The Cipher Brief: What is the state of DHS data integration and information sharing (i.e. HSIN)?

Taylor: The DHS Data Framework is a joint endeavor by the DHS CIO and Under Secretary for Intelligence and Analysis to build a data lake with the top 20 databases essential to the Department’s vetting and assessment mission. I understand the momentum of the data framework has slowed significantly. I also understand that CBP is driving the data framework as the next level of improvement in information sharing but that DHS headquarters support for initiative is lacking.

The Homeland Security Information Network (HSIN) continues to be the most effective system for DHS to communicate with its state, local, tribal, territorial and private sector partners. But it has real shortcomings.  It needs continued investment to make it more a data sharing platform and not just a communication platform.  HSIN does not allow for data searching and online queries.  This needs to change if the system is to continue to be valuable to DHS stakeholders at every level.

The Cipher Brief:Why is creating DHS-wide searchable data stores so difficult for the Department? Would DHS benefit from a data integration acquisition and standards czar?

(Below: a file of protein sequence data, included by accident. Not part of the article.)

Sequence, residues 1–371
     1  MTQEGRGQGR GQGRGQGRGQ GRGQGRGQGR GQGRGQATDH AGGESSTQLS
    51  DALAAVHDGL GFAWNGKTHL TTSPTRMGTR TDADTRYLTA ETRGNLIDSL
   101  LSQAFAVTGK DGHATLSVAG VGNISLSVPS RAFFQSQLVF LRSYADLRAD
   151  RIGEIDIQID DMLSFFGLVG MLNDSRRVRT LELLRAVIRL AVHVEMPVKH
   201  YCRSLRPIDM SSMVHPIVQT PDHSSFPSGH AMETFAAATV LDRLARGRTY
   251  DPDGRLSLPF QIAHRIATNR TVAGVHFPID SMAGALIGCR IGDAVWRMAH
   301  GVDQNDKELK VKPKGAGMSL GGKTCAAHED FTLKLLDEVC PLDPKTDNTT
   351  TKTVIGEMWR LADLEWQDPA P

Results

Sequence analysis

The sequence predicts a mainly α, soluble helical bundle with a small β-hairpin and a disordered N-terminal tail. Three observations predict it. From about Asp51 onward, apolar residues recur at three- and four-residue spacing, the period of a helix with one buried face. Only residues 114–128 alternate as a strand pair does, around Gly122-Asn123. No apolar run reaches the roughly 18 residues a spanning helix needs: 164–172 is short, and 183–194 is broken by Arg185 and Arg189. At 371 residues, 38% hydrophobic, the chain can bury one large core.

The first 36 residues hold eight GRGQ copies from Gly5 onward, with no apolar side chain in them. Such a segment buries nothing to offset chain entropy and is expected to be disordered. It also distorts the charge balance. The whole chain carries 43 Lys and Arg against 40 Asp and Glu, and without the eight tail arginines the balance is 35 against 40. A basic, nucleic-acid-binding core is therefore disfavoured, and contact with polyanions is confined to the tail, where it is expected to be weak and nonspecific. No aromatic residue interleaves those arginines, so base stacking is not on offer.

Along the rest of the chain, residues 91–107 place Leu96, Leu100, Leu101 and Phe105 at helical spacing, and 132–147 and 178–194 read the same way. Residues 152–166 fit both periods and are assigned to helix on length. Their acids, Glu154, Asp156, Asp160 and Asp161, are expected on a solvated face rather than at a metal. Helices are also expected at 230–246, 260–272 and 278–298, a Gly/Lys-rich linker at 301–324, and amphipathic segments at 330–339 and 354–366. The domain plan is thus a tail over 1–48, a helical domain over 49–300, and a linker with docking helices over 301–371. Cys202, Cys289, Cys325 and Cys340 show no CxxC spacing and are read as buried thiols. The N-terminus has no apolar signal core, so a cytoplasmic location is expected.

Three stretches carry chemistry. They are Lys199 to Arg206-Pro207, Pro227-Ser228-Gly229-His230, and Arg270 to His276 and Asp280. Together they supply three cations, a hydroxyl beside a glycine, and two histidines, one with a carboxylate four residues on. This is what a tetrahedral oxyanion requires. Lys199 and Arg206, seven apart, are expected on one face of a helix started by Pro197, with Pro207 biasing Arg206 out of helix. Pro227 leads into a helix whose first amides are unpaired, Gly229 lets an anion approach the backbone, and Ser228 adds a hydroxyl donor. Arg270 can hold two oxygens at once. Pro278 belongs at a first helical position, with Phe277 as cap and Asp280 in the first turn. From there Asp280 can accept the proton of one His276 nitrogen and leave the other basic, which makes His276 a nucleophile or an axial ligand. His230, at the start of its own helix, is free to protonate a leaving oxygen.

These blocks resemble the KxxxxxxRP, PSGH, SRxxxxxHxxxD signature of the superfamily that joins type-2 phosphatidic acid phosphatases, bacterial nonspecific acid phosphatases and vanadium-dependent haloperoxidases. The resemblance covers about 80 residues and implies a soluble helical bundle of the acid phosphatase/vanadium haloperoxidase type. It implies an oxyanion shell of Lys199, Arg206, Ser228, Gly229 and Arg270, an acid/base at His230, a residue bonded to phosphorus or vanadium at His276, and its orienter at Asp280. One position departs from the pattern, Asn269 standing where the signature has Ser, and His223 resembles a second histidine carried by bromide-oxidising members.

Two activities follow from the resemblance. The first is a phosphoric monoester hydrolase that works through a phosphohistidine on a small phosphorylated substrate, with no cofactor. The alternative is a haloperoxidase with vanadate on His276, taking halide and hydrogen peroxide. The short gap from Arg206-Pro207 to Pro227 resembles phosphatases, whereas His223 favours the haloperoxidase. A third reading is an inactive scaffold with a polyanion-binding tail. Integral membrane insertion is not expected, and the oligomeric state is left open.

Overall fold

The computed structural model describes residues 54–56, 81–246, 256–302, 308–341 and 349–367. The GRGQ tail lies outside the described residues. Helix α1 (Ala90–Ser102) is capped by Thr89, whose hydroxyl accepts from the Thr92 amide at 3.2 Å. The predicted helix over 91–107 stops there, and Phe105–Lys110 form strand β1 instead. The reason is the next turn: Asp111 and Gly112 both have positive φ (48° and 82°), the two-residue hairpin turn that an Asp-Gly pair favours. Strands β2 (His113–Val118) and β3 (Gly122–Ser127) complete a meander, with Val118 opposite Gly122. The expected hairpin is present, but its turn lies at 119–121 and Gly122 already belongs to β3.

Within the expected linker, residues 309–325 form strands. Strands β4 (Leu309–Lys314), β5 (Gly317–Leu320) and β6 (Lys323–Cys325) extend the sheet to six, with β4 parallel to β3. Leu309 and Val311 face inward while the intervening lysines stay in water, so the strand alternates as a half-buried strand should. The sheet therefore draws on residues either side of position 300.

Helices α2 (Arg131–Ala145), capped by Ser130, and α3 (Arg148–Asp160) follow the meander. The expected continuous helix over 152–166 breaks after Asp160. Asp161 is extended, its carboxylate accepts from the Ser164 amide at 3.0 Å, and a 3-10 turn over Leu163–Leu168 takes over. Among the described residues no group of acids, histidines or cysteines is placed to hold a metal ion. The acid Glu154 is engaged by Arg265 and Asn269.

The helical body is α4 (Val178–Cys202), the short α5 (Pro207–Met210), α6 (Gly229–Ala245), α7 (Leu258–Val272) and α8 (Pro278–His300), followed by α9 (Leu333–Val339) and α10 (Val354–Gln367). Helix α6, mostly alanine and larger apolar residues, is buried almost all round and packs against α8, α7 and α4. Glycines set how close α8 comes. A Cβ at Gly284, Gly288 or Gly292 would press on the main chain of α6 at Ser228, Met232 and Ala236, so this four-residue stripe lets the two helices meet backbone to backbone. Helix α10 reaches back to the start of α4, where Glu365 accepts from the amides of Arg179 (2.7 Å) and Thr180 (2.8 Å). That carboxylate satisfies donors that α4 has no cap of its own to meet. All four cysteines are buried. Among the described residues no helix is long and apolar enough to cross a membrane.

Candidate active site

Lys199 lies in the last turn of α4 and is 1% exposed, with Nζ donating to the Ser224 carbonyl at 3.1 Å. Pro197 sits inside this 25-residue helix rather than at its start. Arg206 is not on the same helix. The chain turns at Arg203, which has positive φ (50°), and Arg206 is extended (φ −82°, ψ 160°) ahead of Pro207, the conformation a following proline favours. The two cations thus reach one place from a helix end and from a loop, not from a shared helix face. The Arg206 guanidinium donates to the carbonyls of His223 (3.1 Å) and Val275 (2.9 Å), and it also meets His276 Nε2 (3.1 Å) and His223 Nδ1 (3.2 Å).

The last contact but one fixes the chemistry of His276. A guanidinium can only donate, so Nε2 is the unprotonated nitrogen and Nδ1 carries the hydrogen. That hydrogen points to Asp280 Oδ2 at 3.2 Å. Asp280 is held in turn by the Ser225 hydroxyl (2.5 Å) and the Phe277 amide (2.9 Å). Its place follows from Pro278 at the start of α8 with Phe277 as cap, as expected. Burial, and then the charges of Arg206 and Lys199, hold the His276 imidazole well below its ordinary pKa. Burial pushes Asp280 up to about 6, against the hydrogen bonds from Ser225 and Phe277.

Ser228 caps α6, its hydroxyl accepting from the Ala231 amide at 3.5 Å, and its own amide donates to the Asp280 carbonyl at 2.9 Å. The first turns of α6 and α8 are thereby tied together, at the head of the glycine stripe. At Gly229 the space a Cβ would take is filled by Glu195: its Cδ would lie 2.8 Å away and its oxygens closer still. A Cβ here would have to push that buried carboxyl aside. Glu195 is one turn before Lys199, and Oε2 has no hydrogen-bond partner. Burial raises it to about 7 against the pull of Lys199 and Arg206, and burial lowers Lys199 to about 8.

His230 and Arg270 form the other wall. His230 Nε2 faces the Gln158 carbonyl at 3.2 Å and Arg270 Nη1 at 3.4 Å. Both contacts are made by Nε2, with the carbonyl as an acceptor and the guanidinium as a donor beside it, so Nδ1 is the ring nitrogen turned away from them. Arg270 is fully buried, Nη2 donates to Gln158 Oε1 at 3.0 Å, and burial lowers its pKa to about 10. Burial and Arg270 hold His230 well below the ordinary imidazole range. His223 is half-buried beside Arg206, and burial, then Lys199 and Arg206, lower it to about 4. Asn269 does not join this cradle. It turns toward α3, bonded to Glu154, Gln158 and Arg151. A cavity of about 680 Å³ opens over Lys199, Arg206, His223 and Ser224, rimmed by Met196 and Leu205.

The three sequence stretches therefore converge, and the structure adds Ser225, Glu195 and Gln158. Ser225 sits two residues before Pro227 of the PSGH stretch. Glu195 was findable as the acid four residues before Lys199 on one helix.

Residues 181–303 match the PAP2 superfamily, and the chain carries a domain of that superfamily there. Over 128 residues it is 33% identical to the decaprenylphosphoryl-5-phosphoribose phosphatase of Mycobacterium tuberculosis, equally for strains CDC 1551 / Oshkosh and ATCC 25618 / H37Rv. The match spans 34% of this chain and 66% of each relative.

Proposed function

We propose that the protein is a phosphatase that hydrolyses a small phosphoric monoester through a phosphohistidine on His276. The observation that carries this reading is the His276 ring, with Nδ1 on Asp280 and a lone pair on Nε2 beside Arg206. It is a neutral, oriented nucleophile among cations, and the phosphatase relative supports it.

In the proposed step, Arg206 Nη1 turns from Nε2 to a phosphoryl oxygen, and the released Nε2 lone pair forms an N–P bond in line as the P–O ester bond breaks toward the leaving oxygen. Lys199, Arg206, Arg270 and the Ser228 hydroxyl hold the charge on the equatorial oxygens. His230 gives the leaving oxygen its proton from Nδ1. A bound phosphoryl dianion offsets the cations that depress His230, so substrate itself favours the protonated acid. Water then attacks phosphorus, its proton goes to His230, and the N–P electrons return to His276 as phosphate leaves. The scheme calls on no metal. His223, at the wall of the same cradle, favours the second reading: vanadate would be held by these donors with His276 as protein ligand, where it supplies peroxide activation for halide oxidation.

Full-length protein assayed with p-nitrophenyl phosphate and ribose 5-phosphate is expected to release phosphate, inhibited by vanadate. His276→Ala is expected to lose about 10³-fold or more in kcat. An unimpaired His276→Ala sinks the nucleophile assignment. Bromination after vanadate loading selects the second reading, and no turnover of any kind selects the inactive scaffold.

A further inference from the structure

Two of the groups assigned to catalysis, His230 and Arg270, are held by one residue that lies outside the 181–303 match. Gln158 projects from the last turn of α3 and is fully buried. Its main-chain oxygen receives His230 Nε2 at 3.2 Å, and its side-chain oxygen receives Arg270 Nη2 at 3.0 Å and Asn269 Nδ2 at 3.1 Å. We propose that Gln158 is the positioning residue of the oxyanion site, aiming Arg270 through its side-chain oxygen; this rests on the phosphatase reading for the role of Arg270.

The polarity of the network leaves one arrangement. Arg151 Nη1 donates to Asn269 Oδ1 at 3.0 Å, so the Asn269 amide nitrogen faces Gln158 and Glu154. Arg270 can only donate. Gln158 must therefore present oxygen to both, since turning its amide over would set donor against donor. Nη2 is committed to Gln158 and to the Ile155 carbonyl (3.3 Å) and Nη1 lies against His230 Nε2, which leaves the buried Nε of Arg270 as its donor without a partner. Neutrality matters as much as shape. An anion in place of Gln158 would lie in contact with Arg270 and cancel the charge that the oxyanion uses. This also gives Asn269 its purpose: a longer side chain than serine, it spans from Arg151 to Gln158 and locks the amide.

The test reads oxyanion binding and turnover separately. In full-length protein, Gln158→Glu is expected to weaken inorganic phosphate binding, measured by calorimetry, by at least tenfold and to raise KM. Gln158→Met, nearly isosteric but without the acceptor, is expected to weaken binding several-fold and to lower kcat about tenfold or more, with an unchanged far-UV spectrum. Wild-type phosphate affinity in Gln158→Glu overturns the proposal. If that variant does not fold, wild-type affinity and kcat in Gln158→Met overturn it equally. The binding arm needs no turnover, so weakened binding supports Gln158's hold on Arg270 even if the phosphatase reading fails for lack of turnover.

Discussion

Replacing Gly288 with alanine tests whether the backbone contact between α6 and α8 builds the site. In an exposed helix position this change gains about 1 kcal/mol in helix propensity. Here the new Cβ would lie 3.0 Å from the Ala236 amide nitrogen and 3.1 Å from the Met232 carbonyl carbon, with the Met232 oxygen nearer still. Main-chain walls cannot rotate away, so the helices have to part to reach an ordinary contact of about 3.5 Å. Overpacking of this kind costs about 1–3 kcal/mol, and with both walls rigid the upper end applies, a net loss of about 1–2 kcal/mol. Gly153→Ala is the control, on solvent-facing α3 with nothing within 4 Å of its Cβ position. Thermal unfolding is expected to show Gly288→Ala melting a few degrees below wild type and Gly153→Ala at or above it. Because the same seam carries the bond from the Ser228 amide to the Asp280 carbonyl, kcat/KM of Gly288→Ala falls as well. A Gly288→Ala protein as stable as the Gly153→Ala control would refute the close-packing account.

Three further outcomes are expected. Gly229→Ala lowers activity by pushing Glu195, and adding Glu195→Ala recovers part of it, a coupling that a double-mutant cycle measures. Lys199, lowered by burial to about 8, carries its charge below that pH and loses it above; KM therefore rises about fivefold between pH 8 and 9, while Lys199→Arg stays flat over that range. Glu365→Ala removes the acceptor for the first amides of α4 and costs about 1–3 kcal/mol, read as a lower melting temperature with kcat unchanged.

Taylor: Most law enforcement organizations are organized to pursue investigating and interdicting wrong doers.  It is the most important aspect of the mission, and I share focus on these priorities.  However, the absence of an integrated data system denies DHS components and others the ability to fully exploitat the information stored in Department systems.  This is inefficient. The lack of an integration function at the headquarters-level makes fixing this shortcoming harder.  The original vision for the Department was to have little centralized-control of operations and to keep operational power within the components.  Each DHS component approaches its missions from its own narrow organizational mission perspective. The components have built processes and procedures from their individual operational perspectives and not from the perspective of how these procedures can be more effectively integrated to meet the collective mission of the Department.  Add to this the fact that budgeting and oversight of the Department is controlled by more than 80 Congressional oversight committees and you can imagine the dysfunction and disincentive to collaborate.